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NEW UPDATES Asean Affairs   16 February  2015  

More remittances to fund property purchases

Viet Nam is expected to see rising remittances enter the property market, following the amended housing law that allows Viet Kieu (overseas Vietnamese) to own a house in the country.

The amended law, which takes effect on July 1, 2015, will allow those Vietnamese people residing in foreign countries who are allowed to enter Viet Nam, to own houses in the country. The law does not impose any limits on the number of houses or kinds of houses they might own.

In addition, foreigners allowed to enter Viet Nam can also own houses. Foreign individuals and organisations can invest in building houses for giving them on rent.

The new regulations for overseas Vietnamese and foreigners who want to buy houses in the country are more flexible in comparison with the previous regulations, which were so tight that only a little more than 400 overseas Vietnamese and foreigners have managed to buy houses in the country since 2009.

According to Vo Tri Thanh, deputy director of the Central Institute for Economic Management (CIEM), the flexible regulations will attract more remittances into the property sector.

Estimates show that about US$1.5 billion of a total $12-billion of remittances into Viet Nam was used for buying houses and land last year.

Thanh said that the figure will rise in the coming years, when the amended law comes into force.

A research conducted by CIEM and Western Union at the end of last year in seven provinces and cities that receive huge remittances, showed that 30 per cent of the receivers put the money in deposits; 27 to 30 per cent invested the funds in production and services; 20 per cent bought gold; and 16 to 17 per cent bought land and houses.

Luring foreign investors

Experts also said that the amended law will make Viet Nam's property market more appealing to foreigners living and working in the country, and those who desire to invest in its property market.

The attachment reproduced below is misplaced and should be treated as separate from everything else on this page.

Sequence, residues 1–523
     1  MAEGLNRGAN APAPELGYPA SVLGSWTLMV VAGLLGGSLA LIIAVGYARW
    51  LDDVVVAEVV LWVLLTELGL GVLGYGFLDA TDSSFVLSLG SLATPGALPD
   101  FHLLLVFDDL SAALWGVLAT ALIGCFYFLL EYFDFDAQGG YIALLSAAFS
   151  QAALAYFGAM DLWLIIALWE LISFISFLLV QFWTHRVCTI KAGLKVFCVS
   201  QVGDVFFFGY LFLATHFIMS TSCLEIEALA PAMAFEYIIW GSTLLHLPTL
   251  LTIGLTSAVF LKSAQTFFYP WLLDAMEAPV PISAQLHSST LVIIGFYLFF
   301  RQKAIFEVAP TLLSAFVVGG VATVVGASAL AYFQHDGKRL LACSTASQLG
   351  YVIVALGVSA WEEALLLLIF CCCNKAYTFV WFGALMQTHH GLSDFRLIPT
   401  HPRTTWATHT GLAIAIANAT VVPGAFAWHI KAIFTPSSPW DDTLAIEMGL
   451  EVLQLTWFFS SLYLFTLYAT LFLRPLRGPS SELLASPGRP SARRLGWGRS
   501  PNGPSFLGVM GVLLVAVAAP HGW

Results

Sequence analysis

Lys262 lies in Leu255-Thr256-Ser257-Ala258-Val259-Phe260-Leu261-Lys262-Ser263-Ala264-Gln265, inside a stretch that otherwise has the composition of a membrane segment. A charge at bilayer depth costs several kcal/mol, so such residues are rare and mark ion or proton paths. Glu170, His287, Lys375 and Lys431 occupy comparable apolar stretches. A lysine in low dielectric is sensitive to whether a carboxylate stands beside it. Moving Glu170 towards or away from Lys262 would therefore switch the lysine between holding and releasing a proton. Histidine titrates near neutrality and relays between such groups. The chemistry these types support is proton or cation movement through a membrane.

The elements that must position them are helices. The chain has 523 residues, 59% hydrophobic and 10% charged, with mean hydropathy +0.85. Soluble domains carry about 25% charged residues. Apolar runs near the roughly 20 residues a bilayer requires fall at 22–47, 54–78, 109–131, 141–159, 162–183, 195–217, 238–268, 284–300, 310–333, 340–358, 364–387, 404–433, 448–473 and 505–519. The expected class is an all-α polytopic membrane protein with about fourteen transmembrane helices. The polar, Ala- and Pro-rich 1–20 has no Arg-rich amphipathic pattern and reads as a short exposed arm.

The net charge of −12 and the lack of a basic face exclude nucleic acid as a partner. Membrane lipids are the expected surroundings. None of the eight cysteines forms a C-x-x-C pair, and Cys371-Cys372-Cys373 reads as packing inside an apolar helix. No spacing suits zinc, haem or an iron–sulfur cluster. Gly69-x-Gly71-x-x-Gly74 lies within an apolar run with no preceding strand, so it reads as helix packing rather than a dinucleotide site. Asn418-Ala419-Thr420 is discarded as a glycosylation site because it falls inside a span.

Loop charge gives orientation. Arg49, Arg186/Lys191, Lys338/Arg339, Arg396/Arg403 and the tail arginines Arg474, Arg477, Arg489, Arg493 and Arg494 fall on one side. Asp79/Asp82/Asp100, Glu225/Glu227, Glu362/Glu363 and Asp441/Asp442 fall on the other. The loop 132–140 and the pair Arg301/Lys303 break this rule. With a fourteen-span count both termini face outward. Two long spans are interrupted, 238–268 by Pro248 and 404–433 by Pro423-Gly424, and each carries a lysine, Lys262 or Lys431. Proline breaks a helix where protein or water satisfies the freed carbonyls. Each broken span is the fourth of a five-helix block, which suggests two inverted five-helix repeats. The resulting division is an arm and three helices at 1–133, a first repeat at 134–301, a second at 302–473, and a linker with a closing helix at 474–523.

Richard Leech, executive director of CBRE Viet Nam, was quoted by Dau Tu (Investment) newspaper as saying that the relaxation of regulations marked an important step in widening the door of the property market to foreign investors.

He added that the only two limitations that remain are foreigners are not allowed to own a house for a period exceeding 50 years and the percentage of apartments foreigners can own in a building or an area has been capped.

Leech did not expect any immediate impact of the new law, but said that the housing market will gradually improve.

An increasing number of foreigners are expected to participate in the property market this year, as opportunities are large with the market recovering after having allegedly hit rock-bottom levels.

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This year in Thailand-what next?

AseanAffairs   04 January 2011
By David Swartzentruber      

It is commonplace in journalism to write two types of articles at the transition point between the year that has passed and the New Year. As this writer qualifies as an “old hand” in observing Thailand with a track record dating back 14 years, it is time take a shot at what may unfold in Thailand in 2011.

The first issue that can’t be answered is the health of Thailand’s beloved King Bhumibol, who is now 83 years old. He is the world's longest reigning monarch, but elaborate birthday celebrations in December failed to mask concern over his health. More






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